person is always in charge in every situation. Understand
that in particular situations, maybe another person would be
best suited for leading the team. The Myth of the Round Table
is the belief that everyone is equal, which is not true. The
person with greater skill, experience, and productivity in a
given area is more important to the team in that area.
Compensate where it is due.
16. The Law of High Morale
When you're winning, nothing hurts. When a team has high
morale, it can deal with whatever circumstances are throw
17. The Law of Dividends
Investing in the team compounds over time. Make the decision
to build a team, and decide who among the team are worth
developing. Gather the best team possible, pay the price to
develop the team, do things together, delegate responsibility
and authority, and give credit for success.
By: Regine P. Azurin and Yvette Pantilla
"A Lot Of Great Books....Too Little Time To Read"
Free Book Summaries Of Latest Bestsellers and More!
BusinessSummaries is a BusinessSummaries.com service.
(c) Copyright 2001-2005, BusinessSummaries.com">BusinessSummaries.com
Regine Azurin is the President of a company that provides business book summaries of the latest bestsellers for busy executives and entrepreneurs.
Clive King, who has died aged 94, was the author of several children's books and is best known for Stig of the Dump, the original and imaginative fantasy story of the friendship between Barney, a boy of the modern era, with Stig, a boy from long, long ago who lives in a nearby chalk pit in a home created from things he can creatively and skilfully repurpose from waste, including a chimney from tin cans and windows from glass bottles....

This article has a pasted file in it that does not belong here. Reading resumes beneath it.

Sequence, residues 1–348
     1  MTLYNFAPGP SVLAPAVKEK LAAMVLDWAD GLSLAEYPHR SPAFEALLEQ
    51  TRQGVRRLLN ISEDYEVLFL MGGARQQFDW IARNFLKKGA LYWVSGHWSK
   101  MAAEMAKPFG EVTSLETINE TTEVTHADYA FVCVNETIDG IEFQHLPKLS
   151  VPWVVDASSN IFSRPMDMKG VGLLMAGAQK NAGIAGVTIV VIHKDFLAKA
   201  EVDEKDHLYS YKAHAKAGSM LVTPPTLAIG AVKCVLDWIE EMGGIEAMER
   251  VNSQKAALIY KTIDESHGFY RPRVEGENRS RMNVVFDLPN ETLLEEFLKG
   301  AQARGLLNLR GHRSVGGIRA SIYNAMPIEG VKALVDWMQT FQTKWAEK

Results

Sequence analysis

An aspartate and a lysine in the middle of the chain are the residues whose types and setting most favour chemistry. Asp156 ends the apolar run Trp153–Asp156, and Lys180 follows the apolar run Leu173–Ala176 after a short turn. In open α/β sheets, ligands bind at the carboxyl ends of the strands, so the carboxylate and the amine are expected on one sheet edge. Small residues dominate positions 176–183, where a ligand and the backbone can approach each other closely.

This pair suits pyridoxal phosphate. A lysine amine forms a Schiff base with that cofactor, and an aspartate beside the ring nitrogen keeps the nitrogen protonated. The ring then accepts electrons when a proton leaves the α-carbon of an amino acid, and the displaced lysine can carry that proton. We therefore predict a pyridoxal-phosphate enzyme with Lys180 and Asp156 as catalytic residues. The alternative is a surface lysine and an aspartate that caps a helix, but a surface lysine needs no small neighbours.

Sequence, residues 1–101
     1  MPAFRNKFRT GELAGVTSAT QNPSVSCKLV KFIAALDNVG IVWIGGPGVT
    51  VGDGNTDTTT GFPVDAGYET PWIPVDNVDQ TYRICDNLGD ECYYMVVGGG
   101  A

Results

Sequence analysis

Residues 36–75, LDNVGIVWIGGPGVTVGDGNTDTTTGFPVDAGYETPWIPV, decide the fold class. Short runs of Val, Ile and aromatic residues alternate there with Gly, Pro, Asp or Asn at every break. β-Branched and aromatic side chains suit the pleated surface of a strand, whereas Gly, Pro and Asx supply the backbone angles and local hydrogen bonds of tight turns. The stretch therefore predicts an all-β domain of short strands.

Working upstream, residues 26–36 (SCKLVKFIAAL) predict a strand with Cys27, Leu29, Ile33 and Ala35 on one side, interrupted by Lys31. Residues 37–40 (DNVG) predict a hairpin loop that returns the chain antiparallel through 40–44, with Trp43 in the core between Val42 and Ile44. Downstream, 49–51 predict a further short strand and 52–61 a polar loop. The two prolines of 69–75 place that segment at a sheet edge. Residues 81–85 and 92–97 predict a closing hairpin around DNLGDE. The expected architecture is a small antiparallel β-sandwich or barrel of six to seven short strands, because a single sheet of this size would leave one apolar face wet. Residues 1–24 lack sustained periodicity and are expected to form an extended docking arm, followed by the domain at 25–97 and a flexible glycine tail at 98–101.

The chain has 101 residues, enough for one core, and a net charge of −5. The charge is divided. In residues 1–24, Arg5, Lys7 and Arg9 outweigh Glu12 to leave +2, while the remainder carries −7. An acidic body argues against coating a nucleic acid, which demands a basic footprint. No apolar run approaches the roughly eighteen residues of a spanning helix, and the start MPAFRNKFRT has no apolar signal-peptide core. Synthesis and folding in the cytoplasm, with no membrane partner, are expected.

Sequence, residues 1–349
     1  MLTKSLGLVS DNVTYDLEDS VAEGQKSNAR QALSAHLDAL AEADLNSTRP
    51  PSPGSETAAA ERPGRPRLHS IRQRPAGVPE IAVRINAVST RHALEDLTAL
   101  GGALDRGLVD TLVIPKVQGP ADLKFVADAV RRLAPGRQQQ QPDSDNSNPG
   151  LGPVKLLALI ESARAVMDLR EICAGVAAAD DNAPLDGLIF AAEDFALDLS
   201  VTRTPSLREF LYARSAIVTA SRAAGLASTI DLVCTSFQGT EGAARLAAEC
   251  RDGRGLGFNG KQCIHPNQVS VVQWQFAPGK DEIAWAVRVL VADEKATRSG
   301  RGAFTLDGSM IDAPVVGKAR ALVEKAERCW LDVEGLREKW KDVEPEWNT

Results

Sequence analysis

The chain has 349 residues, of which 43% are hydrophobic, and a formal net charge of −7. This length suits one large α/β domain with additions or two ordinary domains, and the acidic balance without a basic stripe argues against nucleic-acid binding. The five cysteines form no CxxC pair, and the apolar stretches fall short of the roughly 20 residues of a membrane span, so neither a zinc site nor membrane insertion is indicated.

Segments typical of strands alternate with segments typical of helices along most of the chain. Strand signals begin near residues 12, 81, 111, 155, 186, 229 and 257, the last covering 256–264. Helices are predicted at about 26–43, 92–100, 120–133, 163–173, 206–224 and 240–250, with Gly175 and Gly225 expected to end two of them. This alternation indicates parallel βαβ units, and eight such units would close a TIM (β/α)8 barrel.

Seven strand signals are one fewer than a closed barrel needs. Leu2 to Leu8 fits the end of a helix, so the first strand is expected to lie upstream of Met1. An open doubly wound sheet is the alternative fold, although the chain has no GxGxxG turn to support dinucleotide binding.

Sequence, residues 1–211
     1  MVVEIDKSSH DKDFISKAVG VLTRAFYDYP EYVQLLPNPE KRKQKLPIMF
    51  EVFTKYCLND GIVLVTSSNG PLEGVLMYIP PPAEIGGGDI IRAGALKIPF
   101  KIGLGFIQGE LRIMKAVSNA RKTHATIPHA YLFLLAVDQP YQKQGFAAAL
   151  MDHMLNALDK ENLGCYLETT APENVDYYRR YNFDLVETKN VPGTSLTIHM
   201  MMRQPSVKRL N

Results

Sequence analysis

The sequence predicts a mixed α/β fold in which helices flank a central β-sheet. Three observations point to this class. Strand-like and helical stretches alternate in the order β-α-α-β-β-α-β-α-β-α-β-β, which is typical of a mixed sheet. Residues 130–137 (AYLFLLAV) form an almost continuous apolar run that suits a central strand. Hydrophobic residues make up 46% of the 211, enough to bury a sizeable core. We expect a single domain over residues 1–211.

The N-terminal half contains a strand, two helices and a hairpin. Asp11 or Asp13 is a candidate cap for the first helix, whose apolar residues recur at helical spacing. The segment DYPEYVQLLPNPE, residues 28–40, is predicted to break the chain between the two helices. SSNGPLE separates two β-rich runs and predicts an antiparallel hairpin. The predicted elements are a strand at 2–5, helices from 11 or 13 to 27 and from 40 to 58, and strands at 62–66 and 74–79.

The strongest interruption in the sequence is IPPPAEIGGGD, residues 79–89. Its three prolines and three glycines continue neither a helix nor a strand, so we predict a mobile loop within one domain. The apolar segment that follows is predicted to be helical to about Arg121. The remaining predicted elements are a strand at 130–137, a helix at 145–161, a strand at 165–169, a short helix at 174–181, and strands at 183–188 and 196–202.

Films based on books might have the intolerable disadvantage of people smugly claiming "the book is so much better", but they also result in a huge boost at the box office.
According to new research from the Publishers Association, films based on books take 44% more at the box office in the UK and 53% more worldwide than original screenplays.
..."In short, published material is the basis of 52% of top UK films in the last 10 years, and accounts for an even higher share of revenue from these leading performers, at 61% of UK box office gross and 65% of worldwide gross," the report reads.
The New York Times has a rare interview with Anne Tyler to coincide with the publication of her latest novel, Clock Dance. Tyler rarely does interviews because she dislikes the way they make her feel the next morning. "I'll go upstairs to my writing room to do my regular stint of work and I'll probably hear myself blathering on about writing and I won't do a very good job that day. I always say that the way you write a novel is for the first 83 drafts you pretend that nobody is ever, ever going to read it."